10 Weapons That Changed the History of Warfare

The historical development of civilization cannot be understood without also understanding the history of bloodshed. In fact, the shift in paradigms and institutions have only taken place with the utilization of weapons of war to behead kings and dethrone emperors. The development of weapons has been critical to the advancement of societies and the fates of peoples and governments.

And while devices like the guillotine have had great symbolic value in their role in the French Revolution, we at Top Tenz are more interested in weapons that changed the historical landscape. Armaments that changed the way battles were fought or change the battlefield all together. Here are 10 weapons that forever changed history.

10. The First Weapon of Man: a Bone

Who can forget that iconic shot in Stanley Kubrick’s 2001: A Space Odyssey, where man’s earliest ancestors toss a bone, high into the sky? The bone would transition seamlessly into a spaceship, highlighting how man’s first tool would lead to one of his greatest inventions.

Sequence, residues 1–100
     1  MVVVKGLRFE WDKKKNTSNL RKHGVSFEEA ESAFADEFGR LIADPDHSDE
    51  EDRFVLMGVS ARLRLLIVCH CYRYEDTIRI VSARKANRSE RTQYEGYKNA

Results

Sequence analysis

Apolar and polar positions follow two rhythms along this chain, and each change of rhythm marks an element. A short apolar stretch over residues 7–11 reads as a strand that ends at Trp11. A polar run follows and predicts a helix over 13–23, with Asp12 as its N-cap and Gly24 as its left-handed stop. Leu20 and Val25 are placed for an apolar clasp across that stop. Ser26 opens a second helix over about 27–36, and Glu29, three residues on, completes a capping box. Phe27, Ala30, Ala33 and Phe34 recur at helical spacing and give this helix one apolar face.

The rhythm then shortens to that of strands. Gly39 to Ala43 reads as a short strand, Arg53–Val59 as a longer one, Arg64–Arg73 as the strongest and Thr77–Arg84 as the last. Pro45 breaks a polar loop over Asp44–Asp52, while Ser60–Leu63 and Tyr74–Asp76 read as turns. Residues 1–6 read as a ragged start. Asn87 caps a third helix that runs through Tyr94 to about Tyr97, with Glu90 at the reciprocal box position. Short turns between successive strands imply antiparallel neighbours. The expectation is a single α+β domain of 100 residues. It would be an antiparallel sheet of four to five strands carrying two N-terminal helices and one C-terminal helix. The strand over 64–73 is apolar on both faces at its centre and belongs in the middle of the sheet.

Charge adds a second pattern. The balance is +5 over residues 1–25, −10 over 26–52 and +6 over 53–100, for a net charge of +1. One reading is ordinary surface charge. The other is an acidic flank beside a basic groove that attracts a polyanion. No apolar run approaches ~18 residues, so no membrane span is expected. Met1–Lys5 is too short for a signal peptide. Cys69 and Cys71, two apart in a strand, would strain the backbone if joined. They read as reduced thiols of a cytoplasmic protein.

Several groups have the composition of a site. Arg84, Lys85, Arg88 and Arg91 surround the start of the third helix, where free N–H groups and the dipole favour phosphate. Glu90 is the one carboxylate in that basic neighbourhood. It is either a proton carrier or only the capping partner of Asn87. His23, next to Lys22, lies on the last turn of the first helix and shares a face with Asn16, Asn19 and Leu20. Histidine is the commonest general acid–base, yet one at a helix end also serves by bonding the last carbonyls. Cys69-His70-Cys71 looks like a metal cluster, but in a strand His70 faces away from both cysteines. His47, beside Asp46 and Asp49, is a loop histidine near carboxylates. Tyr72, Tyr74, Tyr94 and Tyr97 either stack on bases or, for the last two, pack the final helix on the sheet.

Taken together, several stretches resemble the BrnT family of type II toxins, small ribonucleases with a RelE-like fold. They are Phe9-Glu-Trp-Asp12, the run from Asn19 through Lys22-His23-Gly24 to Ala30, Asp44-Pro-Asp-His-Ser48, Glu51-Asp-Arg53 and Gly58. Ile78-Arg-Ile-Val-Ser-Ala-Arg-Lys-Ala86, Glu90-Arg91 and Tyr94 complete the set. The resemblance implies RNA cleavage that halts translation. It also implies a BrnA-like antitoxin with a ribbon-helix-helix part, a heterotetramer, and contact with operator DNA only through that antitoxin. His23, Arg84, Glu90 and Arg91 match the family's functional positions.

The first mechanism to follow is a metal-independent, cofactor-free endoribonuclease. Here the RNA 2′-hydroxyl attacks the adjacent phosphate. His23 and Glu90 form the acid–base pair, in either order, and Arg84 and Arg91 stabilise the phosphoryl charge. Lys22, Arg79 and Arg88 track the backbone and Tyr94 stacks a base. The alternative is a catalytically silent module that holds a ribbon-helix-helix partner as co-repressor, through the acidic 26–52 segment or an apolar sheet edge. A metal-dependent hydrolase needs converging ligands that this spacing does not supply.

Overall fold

(And in case you have forgotten, we’ve provided the clip above)

The use of materials provided by nature would be instrumental in early humans’ ability to expand out of Africa and do battle with competitors like sister species like the Neanderthals. One of the major advantages that early humans had over their competitors was their development of stone arrow tips.  Early humans’ technological innovation enabled them to attack wild animals or human foes from a greater distance and with greater success. According to Curtis Marean, project director at Arizona State University, “People who possess light armaments that can be thrown long distances have immediate advantages in hunting prey and killing competitors”

Scientists have determined that the blades were made from a rock called silcrete. Early humans demonstrated similar traits as their descendants, demonstrating patience and thoughtfulness as they heated stone tools in the fire to transform them into their sharp edges. The thin stone flakes were then made into smaller tips which were placed onto bones to make a spear or dart. And of course, it all came from early man’s realization that bones, and soon enough other blunt objects, could give them an advantage in survival.

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